ACLU Responds to Florida State Court Decision to Uphold Abortion Restriction

Photo: Saul Loeb—AFP/Getty Images

By Haoming Yang and Sahaily Zazueta

TALLAHASSEE, FL – The American Civil Liberties Union announced its intention this week to “continue fighting laws designed to push abortion out of reach in Florida and across this country until every person can get the care they need, regardless of their zip code.”

The statement comes as a response to a Florida state trial court’s decision to dismiss a challenge to an abortion restriction that was passed seven years ago.

The case, Gainesville Woman Care v. Florida, sought to challenge an abortion restriction that will force patients to delay obtaining an abortion for at least 24 hours after meeting with a physician.

The restriction, enacted in 2015, has previously been blocked by a trial court ruling granting a temporary injunction and by a 2017 state supreme court ruling that reinstated the injunction after an appellate court briefly allowed it.

The mandatory delay requirement, which only applies to abortions, forces patients seeking an abortion to make an additional trip to a clinic to receive medical care.

This requirement, said the ACLU, has the potential to force those seeking abortions to miss work, lose wages, and spend more on transportation and child care. Those without the means to make the additional trip to a clinic in accordance with the mandatory delay requirement could be prevented from receiving care altogether.

Daniel Tilley, the legal director of the ACLU of Florida, stated: “This law imposes a significant hardship on Floridians that is medically unnecessary, arbitrary, and dangerous. For years, the Courts have agreed that imposing an additional barrier that would delay an individual’s ability to receive the abortion care they need was in direct violation of Floridians’ right to privacy.”

Tilley added, “A person’s private medical decisions should be made in consultation with a doctor they trust, not politicians, and no one should ever be made to delay the care they need. Abortion care should be safe and accessible. Politicians have no right to interfere with Floridians’ private medical decisions.”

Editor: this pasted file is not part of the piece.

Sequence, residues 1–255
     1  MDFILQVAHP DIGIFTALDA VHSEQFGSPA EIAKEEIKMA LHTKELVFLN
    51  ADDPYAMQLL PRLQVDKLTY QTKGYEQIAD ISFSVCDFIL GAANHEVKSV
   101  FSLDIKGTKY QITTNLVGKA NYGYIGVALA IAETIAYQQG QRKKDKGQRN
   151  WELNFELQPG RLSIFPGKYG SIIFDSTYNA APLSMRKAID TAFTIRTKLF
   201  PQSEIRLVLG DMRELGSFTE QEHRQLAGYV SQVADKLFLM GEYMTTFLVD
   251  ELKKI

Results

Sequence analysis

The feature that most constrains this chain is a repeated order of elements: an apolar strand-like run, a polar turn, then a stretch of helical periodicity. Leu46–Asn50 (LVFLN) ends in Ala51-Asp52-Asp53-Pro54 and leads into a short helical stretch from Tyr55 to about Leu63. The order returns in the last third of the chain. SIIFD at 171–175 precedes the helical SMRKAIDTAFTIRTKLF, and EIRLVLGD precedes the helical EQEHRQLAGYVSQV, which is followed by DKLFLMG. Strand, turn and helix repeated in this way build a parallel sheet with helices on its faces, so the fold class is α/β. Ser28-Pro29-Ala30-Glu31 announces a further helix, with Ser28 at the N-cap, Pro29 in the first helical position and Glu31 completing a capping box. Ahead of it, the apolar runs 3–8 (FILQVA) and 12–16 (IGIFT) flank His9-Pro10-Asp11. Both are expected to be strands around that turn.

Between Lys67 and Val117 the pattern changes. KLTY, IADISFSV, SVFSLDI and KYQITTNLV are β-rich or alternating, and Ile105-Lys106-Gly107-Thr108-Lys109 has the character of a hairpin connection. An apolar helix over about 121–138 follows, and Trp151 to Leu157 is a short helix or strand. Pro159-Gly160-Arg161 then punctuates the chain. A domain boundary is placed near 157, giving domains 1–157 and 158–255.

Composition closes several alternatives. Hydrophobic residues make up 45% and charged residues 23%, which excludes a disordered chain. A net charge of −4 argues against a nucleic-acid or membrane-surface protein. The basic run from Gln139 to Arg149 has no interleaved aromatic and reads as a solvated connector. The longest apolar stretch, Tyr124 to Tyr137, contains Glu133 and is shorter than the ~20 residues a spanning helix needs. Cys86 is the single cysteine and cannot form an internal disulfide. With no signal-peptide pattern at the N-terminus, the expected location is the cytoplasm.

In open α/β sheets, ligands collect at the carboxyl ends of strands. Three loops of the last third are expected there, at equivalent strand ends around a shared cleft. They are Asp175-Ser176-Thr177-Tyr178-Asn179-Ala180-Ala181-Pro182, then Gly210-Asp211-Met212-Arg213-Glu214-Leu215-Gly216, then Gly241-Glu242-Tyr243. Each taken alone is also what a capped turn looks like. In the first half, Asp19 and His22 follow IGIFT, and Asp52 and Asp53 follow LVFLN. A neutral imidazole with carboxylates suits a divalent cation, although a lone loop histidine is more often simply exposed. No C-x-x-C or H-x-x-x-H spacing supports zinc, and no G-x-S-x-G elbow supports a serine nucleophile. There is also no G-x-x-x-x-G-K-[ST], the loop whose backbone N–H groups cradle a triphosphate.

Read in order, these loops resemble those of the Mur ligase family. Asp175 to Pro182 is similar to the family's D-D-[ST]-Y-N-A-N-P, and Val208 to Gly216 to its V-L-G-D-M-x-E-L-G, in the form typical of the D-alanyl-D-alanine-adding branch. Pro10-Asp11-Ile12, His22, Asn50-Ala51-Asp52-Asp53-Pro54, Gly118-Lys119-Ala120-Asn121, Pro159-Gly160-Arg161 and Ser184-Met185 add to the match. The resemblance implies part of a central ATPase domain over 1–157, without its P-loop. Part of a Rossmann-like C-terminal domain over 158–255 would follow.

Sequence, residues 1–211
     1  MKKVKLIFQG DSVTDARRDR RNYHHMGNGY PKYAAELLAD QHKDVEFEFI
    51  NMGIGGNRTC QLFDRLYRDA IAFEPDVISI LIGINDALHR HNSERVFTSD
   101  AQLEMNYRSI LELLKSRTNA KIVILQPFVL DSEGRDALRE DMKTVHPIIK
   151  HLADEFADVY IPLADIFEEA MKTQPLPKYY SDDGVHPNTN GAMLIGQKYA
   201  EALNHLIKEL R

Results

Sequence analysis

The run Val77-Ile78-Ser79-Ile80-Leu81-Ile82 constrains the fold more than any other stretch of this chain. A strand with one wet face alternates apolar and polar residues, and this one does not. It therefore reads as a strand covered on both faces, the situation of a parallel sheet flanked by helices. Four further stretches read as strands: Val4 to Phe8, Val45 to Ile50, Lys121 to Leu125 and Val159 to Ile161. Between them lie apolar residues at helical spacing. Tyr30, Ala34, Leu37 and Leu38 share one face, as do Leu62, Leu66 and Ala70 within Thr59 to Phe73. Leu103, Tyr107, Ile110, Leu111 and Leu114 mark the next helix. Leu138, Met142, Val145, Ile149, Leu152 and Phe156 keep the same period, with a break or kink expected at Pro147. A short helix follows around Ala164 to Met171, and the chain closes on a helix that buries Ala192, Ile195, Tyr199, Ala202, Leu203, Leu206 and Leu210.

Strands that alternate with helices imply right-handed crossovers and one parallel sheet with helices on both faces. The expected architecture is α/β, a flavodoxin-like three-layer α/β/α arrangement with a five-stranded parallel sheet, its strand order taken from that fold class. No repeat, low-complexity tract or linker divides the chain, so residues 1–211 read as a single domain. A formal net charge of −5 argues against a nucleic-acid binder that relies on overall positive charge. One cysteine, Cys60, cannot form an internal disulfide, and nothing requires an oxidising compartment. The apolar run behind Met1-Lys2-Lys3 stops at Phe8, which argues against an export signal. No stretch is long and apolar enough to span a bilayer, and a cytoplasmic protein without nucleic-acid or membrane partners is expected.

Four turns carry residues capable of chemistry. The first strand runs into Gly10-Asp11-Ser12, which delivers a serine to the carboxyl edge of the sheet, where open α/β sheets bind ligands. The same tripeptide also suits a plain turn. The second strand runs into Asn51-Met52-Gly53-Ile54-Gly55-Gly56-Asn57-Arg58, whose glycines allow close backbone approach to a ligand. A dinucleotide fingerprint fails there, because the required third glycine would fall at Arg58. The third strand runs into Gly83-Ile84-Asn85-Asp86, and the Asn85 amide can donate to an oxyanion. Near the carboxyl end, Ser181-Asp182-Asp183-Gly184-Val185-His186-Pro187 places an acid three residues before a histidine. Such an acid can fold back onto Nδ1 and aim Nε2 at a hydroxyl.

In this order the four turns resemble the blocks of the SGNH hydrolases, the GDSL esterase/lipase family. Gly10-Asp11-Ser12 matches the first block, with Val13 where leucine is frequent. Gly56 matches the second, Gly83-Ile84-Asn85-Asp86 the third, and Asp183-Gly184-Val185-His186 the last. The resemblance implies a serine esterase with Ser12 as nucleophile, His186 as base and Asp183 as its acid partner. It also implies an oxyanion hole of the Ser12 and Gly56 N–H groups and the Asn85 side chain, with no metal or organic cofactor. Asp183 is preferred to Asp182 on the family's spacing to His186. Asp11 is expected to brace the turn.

According to the ACLU, “Delaying access to abortion is medically unnecessary and is another tactic designed to take away people’s ability to get care when they’ve decided to have an abortion.”

The mandatory delay requirement can push people to undergo an abortion later in their pregnancy, which increases the cost and risks. When Mississippi enacted a similar mandatory delay requirement, abortions later in pregnancy increased by 53 percent, said the ACLU.

Julia Kaye, a staff attorney with the ACLU Reproductive Freedom Project, charged, “This law is an insult to Floridians and their ability to make their own medical decisions. When someone has determined that having an abortion is the best decision for them and their family, politicians should not be in the business of putting unnecessary obstacles in their path, but that is exactly what this law does.”

Kaye said “(T)his harmful restriction is just one in a string of laws that Florida politicians have passed to turn back the clock and take away people’s rights to make their own decisions about pregnancy and about the course of their lives.”

Marc Hearron, senior counsel for the Center for Reproductive Rights, argued, “This demeaning, intrusive law forcibly delays a person’s access to essential healthcare despite potentially dangerous risks to their health. Politicians should not be dictating a person’s own medical decision of whether and when to end a pregnancy.”

Hearron added, “Abortion access in Florida is in real peril, and this restriction is just another way to push abortion care out of reach and infringe on the rights of Floridians. We will continue to fight to ensure that Floridians can get the care they need without political interference.”

Florida legislators have continued to pass restrictions on abortion following the passage of the mandatory delay law as an attempt to block access to abortions.

Earlier this March, the Florida state legislature passed a bill which would ban abortion after 15 weeks of pregnancy. Governor Ron DeSantis is expected to sign the bill into law soon.

About The Author

Sahaily is a senior undergraduate student at California State University Long Beach, majoring in Criminal Justice with a minor in Human Development. She aspires to become a public defender.

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